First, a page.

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Publication numberUS7138604 B2
Publication typeGrant
Application numberUS 10/820,085
Publication dateNov 21, 2006
Filing dateApr 6, 2004
Priority dateMay 2, 2003
Fee statusLapsed
Also published asUS20040217098
Publication number10820085, 820085, US 7138604 B2, US 7138604B2, US-B2-7138604, US7138604 B2, US7138604B2
InventorsKaius K. Polikarpus, Walter T. Symons, Charles Scott Nelson, Rick D. Kerr
Original AssigneeDelphi Technologies, Inc.
Export CitationBiBTeX, EndNote, RefMan
External Links: USPTO, USPTO Assignment, Espacenet
Ceramic device, sensor device, method of making the same, and method for sensing gas
US 7138604 B2
Abstract
A sensor may comprise a first electrode and a second electrode in mutual ionic communication with an electrolyte, a first socket disposed near a rear portion of a sensor element, a first lead disposed in electrical communication with the first electrode and in physical contact with the first socket and configured for electrical communication with a first terminal element, a second socket disposed near the rear portion of the sensor element, and a second lead disposed in electrical communication with the second electrode and in physical contact with the second socket and configured for electrical communication with a second terminal element. The first socket is disposed through at least one of an edge and an end of the sensor element, and the second socket is disposed through at least one of the edge and the end of the sensor element.
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Claims(18)
1. A sensor, comprising:
a sensing element formed of a plurality of ceramic layers arranged and fired to form a planar structure having an end, said sensing element further comprising an electrolyte and first and second electrodes in ionic communication with the electrolyte; said sensing element comprising
a first socket extending from said end and defining a first chamber configured to receive a first terminal element;
a first lead disposed in electrical communication with the first electrode and having a surface exposed within said first socket for contact with the first terminal element;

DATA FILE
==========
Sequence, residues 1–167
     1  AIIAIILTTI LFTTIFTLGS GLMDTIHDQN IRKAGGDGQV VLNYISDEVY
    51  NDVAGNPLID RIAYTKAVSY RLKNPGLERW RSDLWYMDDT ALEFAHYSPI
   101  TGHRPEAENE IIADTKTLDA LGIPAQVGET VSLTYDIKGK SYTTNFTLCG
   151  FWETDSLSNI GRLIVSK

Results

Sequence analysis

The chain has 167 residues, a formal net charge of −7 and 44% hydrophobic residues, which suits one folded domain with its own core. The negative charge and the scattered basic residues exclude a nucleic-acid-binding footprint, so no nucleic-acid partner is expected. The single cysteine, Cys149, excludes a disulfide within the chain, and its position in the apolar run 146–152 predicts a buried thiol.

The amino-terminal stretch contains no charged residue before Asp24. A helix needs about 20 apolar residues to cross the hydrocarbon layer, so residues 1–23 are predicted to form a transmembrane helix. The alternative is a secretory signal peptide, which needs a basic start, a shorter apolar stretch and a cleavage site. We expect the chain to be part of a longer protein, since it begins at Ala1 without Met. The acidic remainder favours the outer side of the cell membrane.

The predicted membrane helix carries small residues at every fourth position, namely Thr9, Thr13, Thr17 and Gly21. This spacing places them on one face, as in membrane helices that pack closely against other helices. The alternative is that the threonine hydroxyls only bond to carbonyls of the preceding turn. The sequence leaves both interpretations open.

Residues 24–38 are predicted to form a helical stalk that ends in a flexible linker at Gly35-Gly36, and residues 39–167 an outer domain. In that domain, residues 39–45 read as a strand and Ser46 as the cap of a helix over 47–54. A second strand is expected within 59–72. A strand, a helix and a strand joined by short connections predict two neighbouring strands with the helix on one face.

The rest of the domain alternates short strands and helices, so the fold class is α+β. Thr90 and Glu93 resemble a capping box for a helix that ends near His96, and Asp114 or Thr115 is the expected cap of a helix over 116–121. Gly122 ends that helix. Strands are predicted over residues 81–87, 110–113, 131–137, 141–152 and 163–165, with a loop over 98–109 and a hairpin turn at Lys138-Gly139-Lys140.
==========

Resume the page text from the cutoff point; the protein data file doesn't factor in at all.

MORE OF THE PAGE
a second socket extending from said end and defining a second chamber configured to receive a second terminal element; and
a second lead disposed in electrical communication with the second electrode and having a surface exposed within said second socket for contact with the second terminal element.
2. The sensor of claim 1, further comprising the first terminal element disposed in the first socket and in electrical communication with the first lead.
3. The sensor of claim 1, further comprising
a first heater socket extending from said end and defining a first heater chamber configured to receive a first heater terminal element; and
a first heater lead disposed in electrical communication with a heater element and having a surface exposed within said first heater socket for contact with the first heater terminal element.
4. The sensor of claim 1, further comprising a plug comprising the first terminal element and the second terminal element, wherein the first terminal element is disposed in the first socket in physical contact and electrical communication with the first lead, and the second terminal element is disposed in the second socket in physical contact and electrical communication with the second lead.
5. The sensor of claim 4, further comprising a first braze disposed between the first terminal element and at least one of the first socket and the first lead.
6. The sensor of claim 1, wherein the sensor is selected from the group consisting of planar gas sensor, field effect transistor, semiconductor, and resistance temperature detector.
7. The sensor of claim 1, further comprising a wiring harness physically connected to the sensor element and configured for electrical communication with a control module, wherein the wiring comprises
the first terminal element disposed in the first socket and in physical contact and electrical communication with the first lead and with a first wire; and
the second terminal element disposed in the second socket and in physical contact and electrical communication with the second lead and with a second wire.
8. The sensor of claim 7, wherein the wiring harness is removably connected to the sensor element.
9. A sensor, comprising: